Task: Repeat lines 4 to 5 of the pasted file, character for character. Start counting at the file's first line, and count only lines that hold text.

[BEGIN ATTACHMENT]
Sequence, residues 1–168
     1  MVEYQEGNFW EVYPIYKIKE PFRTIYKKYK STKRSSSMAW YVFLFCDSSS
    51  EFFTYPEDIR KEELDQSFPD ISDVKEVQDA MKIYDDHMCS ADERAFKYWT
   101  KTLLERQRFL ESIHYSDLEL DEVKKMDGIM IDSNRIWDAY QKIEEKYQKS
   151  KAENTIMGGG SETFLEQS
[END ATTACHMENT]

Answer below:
   101  KTLLERQRFL ESIHYSDLEL DEVKKMDGIM IDSNRIWDAY QKIEEKYQKS
   151  KAENTIMGGG SETFLEQS